Holy crap! 439 pages and we're right back at the beginning! How do you know this pan-Arabian good time feeling caliphate won't be more interested in buying Harley Davidsons than chemical weapons? And isn't attacking people just because we can (pre-emption) how we got here in the first place? And just in case we're going to target another 35 warheads on Syria, you threatening bastards!

All of Ricks's scenarios involve oil heavily. Americans will fight for oil eventually, I have no doubt. We're losing this war because that time hasn't come, yet. Junior has been a bit hasty here, burned through a trillion dollars or so in the process, and pissed off the whole freaking world for nothing. He had to burn a pre-emptive card to do it, as this ten year scenario would never have sold on its own merits. We're not that desperate, yet.

And that's the thing these professional killers and their hangers on have to accept sometimes, oh so unwillingly. Morals are fairly difficult to give up for most people, the people who eventually write their checks. Stripped of its Wolfowitzian veneer, this war just doesn't cut it, and never will.

Wednesday, November 15, 2006

What's a Matta Wid Use, Anyhow?

Hold onto your ergonomic wireless mouse with the scroll button, cuz I'm here to tell ya that today... well, actually yesterday was World Usability Day. It's seems the Usability Professionals' Association wasn't all that good at getting the word out via the media.

It certainly might have been put to good use, though, as lord knows there are some seriously misguided concepts wrestled into the products we all love to hate out here. Remember the metal twist caps on pop bottles that spun and spun and never separated from the lower ring? That's what I'm talking about here.

If there's one thing people have a hard time using, a lot, it's remote controls. the Little Hun will just holler, "Why is it blue again?" and then I go patiently explain that the TV is supposed to be on 4 and if you push the TV button before the channel button, etc., but I wonder, "If the remote can talk to the TV, why the hell can't it tell it she's aiming at the cable box?" And then there's my mom's Direct TV remote. The smallest button on it? That's how you turn the damn TV on! You need a magnifying glass and a flashlight to find that little fucker.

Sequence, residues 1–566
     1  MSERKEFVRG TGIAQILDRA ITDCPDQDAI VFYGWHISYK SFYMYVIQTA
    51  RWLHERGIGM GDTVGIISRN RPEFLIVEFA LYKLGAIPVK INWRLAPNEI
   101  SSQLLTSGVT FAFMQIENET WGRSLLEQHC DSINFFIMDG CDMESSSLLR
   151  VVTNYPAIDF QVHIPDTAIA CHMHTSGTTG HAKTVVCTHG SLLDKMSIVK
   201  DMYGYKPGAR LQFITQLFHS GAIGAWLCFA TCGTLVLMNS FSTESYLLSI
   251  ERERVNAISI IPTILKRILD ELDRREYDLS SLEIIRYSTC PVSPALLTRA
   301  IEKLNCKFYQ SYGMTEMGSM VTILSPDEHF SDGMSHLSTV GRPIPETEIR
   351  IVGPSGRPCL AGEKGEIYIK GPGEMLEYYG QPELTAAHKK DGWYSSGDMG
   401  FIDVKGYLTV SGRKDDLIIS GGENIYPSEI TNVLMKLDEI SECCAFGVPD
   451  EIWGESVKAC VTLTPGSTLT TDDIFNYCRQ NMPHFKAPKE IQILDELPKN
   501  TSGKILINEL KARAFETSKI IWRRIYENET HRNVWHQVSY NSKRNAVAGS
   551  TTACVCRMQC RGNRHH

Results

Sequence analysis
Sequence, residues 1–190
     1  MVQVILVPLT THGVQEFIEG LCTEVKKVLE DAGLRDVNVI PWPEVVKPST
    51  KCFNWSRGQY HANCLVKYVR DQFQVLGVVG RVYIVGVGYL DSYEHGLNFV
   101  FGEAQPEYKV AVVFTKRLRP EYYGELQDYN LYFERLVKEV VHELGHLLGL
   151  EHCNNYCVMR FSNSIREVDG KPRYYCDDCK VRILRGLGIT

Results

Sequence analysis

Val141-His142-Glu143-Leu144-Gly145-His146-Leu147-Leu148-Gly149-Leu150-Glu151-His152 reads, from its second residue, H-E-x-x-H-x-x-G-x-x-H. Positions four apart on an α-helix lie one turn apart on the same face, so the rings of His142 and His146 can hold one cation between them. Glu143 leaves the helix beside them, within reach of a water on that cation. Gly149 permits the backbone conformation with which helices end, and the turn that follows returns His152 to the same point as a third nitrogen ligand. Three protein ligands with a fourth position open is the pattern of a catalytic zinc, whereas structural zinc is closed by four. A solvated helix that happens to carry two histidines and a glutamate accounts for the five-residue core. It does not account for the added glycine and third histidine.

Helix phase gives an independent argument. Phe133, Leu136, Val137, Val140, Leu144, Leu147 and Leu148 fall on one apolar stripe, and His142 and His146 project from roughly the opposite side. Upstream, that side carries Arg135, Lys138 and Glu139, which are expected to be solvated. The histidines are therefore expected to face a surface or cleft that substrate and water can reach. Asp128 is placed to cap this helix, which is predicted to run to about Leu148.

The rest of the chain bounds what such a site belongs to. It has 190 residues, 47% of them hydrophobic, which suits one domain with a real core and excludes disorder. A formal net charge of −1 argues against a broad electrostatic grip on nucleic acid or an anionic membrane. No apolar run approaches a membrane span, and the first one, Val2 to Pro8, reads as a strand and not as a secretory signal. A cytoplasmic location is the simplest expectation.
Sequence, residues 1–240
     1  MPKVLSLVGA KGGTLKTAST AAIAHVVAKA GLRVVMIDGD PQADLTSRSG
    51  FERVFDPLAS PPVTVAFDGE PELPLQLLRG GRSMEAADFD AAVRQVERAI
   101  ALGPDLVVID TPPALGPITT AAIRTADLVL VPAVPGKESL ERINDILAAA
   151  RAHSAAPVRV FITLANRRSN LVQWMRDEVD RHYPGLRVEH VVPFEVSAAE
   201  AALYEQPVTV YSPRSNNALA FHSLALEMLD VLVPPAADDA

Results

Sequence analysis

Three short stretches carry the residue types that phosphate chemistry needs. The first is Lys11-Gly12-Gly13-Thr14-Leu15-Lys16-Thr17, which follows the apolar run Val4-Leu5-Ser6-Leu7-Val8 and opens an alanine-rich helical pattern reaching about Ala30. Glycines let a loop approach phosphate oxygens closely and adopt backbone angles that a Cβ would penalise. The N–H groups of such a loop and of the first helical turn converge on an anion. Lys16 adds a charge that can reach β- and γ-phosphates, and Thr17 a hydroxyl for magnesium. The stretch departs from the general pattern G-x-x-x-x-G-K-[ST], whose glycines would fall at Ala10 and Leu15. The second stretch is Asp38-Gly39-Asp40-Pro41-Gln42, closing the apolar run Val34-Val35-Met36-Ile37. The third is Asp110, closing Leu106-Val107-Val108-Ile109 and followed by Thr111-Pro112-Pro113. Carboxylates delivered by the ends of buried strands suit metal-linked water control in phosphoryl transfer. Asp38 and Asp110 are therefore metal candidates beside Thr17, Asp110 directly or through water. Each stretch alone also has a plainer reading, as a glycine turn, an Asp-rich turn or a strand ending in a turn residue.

And speaking of TV. In the good old days, you knew where things were. I like all these channels, but does the Bulls game have to be on channel 453? My digital cable box knows who I am. "This is me, Don, the guy who last night watched six straight reruns of Curb Your Enthusiasm on demand." It knows where I live, and my channel lineup. It knows 4 is NBC and 6 is Fox and 12 is ABC. Then why the hell is 6 on 3 and 4 on 6? And why oh why is 12 on 10 and nothing is on 12? 58 is on 9, and since this is our sorry-ass excuse for a CBS affiliate, I can live with that. But why not 8? No, channel 41, a low power loser, is on 8. Leave 41 on 41, put 58 on 8, and then WGN can be on 9, like in all it's logos, instead of 17. What the hell?

The other day I must have been a little bit nervous, cuz I bit off all my fingernails. All this nervousness can wear a guy out, so I stopped into the quick mart for a cup of Joe. Being off hours, the only cream available was those little tubs with the foil tops. Whoever thought this was a good idea? This must have been invented by the wife of the guy who invented the rear fastening bra! So I took it black, and went after my fingernails again.